Poverty, Coal, and Appalachia
Within Appalachia, coal-producing counties are among the most economically distressed counties. The top coal-producing counties have some of the highest poverty rates in the region Of the top eight coal-producing counties in eastern Kentucky, all but one (Pike County) have a higher poverty rate than Appalachian Kentucky as a whole (US Census 2000). So while mining employment is extremely important as a source of income for individuals in coal-producing counties, the benefits of these jobs do not translate into prosperity for the region. Couple that with the fact that Appalachia has twice as many people living in poverty than the rest of the US and it paints a bleak economic picture (US Census 2000).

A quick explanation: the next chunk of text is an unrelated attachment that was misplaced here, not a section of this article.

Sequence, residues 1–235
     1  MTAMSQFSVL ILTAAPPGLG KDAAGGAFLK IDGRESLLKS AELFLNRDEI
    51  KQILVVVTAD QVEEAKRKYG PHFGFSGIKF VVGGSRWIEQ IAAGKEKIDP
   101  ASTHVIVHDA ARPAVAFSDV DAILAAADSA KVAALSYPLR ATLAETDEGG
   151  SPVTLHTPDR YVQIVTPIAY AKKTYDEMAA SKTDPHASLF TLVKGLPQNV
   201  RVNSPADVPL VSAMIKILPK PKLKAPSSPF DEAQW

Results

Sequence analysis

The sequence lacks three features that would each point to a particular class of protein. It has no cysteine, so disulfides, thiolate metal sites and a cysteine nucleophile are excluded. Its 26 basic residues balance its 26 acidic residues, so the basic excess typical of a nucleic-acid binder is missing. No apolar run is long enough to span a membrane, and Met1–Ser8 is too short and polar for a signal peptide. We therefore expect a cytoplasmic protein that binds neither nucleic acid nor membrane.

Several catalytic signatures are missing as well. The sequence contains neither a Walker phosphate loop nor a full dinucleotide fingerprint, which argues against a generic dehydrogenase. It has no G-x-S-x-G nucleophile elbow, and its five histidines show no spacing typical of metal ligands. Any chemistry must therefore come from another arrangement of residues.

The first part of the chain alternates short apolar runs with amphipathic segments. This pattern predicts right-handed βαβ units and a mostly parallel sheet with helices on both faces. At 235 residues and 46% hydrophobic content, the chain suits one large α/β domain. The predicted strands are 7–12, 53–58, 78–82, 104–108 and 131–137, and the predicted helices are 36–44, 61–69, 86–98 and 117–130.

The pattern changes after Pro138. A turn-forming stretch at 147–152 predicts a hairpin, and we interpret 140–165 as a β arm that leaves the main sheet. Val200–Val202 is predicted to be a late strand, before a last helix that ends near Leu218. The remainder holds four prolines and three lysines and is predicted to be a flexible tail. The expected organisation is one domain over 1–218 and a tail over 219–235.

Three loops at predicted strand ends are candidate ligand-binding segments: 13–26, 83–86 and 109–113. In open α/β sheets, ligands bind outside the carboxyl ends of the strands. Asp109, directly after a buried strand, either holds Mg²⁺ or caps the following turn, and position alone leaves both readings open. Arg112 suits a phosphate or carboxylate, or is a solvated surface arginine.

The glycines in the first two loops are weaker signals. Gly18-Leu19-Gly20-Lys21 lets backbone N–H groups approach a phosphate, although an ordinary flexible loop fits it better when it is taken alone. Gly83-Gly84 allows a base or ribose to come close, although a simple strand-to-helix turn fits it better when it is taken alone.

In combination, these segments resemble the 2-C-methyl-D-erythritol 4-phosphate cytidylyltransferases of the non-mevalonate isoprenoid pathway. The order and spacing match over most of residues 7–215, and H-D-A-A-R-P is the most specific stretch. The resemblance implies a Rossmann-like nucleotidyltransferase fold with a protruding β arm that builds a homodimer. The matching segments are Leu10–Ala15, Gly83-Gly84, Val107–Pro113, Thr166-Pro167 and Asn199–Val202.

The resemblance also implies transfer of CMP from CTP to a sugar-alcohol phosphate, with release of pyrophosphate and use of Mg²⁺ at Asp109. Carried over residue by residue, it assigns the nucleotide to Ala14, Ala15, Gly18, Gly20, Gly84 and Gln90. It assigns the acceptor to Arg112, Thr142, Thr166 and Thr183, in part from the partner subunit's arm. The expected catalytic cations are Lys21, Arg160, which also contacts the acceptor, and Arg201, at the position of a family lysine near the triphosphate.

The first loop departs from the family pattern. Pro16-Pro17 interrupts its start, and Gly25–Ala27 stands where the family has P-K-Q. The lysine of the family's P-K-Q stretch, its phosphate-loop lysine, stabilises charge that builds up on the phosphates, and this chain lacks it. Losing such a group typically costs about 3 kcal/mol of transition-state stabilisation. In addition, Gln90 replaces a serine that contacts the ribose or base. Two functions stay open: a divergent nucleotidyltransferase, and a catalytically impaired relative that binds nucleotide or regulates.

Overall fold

In February 2009, the ABC television show 20/20 had an episode that took place in what we define as Appalachia (Pauley, 20/20). Not surprisingly, the segment was littered with stereotypes and negative reporting. In the 20/20 episode, coal was discussed in a positive way as a economic boom to the rergion. But as the graph above shows, coal is the antithisis to regional prosperity. The 20/20 episode had an opportunity to expose the financial, social and physical effects of coal in the region. The chance to open a dialogue about the link between coal and poverty was wasted. President Lyndon B Johnson recognized the conditions in Appalachia, and there is where the war on poverty began.
In 1964, President Johnson launched the War on Poverty in Martin County in Eastern Kentucky. The photograph of Johnson kneeling on local resident Tom Fletcher’s porch with Fletcher and three of his children in the picture is an iconic image in the War on Poverty. The focus of the camera is on the two men, Johnson’s profile and Fletcher’s worn face with hardened lines and rotted teeth. Johnson picked Central Appalachia for a reason. The deep and persistent poverty here presented a challenge in which a metaphor like war probably felt like...